Provided by Allen Browne. Created: November 2003. Updated: April 2010.
Access provides a way to set up a form and a report, and nominate them as the template for new forms and reports:
That's useful, as it lets you create forms and reports quickly to your own style.
However, these forms/reports do not inherit all properties and code. You will get a better result if you copy and paste your template form or report in the database window (Access 1 - 2003) or Nav Pane (Access 2007 and later.) The form created this way inherits all properties and event procedures.
It will take you 30-45 minutes to set up these default documents. They will save 5-15 minutes on every form or report you create.
Create a new form, in design view. If you normally provide navigation or filtering options in the Form Header section, display it:
Drag these sections to the appropriate height.
In addition to your visual preferences, consider setting properties such as these:
Allow Design Changes Design View Only Disallow runtime changes. (Access 2003 and earlier.) Allow PivotTable View No Disallowing these views prevents tinkerers from trying them from the toolbar or View menu. Allow PivotChart View No Width 6" Adjust for the minimum screen resolution you anticipate.
Now comes the important part: set the default properties for each type of control.
Select the Textbox icon in the Toolbox (Access 1 - 2003) or on the Controls group of the Design ribbon (Access 2007 and later.) The title of the Properties box reads, "Default Text Box". Set the properties that new text boxes should inherit, such as:
Special Effect Flat Whatever your style is. Font Name MS Sans Serif Choose a font that will definitely be on your user's system. Allow AutoCorrect No Generally you want this on for memo fields only.
Repeat the process for the default Combo Box as well. Be sure to turn Auto Correct off - it is completely inappropriate for Access to correct items you are selecting from a list. Set properties such as Font Name for the default Label, Command Button, and other controls.
Add any event procedures you usually want, such as:
Save the form. A name that sorts first makes it easy to copy and paste the form to create others.
Copy and paste the form created above. This form will be the one you copy and paste to create continuous forms.
You have already done most of the work, but the additional properties for a continuous form might include:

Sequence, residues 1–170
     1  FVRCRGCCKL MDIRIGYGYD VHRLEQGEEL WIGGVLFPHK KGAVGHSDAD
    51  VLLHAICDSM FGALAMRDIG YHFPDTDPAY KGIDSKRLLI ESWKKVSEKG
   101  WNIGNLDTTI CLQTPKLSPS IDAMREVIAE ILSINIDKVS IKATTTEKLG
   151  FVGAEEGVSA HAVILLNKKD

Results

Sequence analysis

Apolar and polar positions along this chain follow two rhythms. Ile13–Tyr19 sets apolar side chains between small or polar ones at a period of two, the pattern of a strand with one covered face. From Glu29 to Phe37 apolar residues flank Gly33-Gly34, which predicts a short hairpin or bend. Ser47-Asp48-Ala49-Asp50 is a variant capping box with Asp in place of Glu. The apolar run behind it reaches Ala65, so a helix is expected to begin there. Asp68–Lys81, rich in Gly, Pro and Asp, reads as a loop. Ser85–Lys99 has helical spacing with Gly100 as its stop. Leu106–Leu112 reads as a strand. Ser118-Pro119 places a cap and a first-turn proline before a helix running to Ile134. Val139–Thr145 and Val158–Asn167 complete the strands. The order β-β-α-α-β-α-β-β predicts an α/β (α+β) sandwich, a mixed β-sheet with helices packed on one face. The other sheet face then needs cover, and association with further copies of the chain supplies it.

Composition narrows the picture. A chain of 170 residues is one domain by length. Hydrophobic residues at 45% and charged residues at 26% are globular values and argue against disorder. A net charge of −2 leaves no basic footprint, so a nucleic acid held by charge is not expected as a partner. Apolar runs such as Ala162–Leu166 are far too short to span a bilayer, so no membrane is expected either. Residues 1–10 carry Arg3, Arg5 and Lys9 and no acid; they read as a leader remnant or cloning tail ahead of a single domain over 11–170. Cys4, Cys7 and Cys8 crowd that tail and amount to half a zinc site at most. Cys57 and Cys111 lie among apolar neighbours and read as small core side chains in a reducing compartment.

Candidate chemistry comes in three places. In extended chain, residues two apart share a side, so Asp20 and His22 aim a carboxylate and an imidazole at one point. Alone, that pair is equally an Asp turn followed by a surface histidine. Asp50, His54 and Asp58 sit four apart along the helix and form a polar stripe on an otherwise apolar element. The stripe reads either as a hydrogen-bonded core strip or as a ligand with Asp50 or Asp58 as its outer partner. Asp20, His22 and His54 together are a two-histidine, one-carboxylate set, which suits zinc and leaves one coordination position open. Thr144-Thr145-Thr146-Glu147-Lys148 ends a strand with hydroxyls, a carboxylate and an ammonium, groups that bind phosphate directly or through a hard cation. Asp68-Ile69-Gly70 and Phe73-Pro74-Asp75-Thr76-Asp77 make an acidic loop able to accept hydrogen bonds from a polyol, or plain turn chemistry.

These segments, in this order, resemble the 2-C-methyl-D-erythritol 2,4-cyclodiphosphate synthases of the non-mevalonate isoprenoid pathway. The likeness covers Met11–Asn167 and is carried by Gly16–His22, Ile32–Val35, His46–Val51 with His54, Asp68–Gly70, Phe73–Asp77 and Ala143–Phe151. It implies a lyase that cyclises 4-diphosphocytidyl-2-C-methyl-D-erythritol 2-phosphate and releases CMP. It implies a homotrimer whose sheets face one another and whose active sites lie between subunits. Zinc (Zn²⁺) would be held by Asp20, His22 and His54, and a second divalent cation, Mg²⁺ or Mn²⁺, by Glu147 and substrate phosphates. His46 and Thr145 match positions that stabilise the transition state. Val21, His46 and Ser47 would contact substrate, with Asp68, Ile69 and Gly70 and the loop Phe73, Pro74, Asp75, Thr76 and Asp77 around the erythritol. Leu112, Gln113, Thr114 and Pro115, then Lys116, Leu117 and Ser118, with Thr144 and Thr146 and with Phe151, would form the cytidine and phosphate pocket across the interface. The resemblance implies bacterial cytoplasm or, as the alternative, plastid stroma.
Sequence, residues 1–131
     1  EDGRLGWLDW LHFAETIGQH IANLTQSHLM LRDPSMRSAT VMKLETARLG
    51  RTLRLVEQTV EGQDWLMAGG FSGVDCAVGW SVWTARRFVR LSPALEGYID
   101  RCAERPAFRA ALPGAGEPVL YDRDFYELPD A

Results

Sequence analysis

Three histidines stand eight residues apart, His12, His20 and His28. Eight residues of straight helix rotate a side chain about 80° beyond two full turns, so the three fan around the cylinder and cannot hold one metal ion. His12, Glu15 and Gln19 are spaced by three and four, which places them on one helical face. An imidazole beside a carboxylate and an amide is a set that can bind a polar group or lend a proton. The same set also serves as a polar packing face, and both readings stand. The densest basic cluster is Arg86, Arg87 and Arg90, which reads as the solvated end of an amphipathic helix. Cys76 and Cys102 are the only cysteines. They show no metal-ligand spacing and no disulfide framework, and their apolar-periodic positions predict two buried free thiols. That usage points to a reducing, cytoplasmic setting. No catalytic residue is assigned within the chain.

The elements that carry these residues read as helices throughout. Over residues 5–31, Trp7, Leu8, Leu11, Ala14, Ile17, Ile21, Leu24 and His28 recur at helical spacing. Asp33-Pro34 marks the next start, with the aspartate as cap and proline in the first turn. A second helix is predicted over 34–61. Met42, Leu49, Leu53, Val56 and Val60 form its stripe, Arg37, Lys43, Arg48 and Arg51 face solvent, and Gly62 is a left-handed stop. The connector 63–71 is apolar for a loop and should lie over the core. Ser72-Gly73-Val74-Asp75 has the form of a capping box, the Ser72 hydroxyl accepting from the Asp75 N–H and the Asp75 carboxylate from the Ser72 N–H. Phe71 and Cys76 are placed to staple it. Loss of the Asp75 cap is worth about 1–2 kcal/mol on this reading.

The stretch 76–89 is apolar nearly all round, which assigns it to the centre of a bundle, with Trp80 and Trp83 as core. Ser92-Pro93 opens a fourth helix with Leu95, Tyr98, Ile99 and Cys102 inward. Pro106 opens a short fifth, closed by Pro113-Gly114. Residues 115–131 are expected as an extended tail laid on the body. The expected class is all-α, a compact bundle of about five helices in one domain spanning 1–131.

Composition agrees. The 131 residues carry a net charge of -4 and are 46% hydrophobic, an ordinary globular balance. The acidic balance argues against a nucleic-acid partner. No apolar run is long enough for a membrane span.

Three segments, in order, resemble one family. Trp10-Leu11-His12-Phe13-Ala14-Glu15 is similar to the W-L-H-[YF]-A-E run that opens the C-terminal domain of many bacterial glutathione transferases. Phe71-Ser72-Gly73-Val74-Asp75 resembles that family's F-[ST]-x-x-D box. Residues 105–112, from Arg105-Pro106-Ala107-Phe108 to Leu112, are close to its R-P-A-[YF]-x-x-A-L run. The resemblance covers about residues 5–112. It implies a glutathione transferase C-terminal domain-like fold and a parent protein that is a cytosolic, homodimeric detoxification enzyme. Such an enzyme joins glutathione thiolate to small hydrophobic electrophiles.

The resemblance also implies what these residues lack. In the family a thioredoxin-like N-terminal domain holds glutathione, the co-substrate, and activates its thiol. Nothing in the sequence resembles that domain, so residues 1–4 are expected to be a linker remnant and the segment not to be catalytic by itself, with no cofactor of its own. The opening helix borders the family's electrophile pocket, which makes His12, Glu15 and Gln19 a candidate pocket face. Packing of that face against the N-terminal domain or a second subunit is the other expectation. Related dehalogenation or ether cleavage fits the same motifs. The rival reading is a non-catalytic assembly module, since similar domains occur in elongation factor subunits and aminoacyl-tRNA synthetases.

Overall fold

Create other "template forms" as you have need.
The default report is designed in exactly the same way as the forms above. Create a blank report, and set its properties and the default properties for each control in the Toolbox.
The last suggestion avoids displaying "#Error" when the report has no data. Copy the function below, and paste into a general module. Using the generic function means you automatically get this protection with each report, yet it remains lightweight (no module) which helps minimize the possibility of corruption. The code is:
Public Function NoData(rpt As Report) 'Purpose: Called by report's NoData event. 'Usage: =NoData([Report]) Dim strCaption As String 'Caption of report. strCaption = rpt.Caption If strCaption = vbNullString Then strCaption = rpt.Name End If DoCmd.CancelEvent MsgBox "There are no records to include in report """ & _ strCaption & """.", vbInformation, "No Data..." End Function
In Access 2007 and later, you can also create a default database, with the properties, objects, and configuration you want whenever you create a new (blank) database.
Now any new database you create will have these objects included, properties set, and references selected.
You can create default databases for both the new file format (accdb) and the old format (mdb) by creating both a blank.accdb and a blank.mdb in the Access templates folder.
You will quickly discover these default forms, reports, and databases not only save time, but help provide a consistency in style and functionality throughout your application.
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